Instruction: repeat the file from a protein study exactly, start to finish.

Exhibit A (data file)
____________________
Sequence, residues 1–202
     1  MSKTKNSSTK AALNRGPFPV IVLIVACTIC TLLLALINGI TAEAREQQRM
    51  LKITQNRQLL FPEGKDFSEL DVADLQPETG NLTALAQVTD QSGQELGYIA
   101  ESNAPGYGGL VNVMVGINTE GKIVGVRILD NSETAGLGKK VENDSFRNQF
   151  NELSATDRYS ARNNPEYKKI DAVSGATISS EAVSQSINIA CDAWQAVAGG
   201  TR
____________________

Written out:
Sequence, residues 1–202
     1  MSKTKNSSTK AALNRGPFPV IVLIVACTIC TLLLALINGI TAEAREQQRM
    51  LKITQNRQLL FPEGKDFSEL DVADLQPETG NLTALAQVTD QSGQELGYIA
   101  ESNAPGYGGL VNVMVGINTE GKIVGVRILD NSETAGLGKK VENDSFRNQF
   151  NELSATDRYS ARNNPEYKKI DAVSGATISS EAVSQSINIA CDAWQAVAGG
   201  TR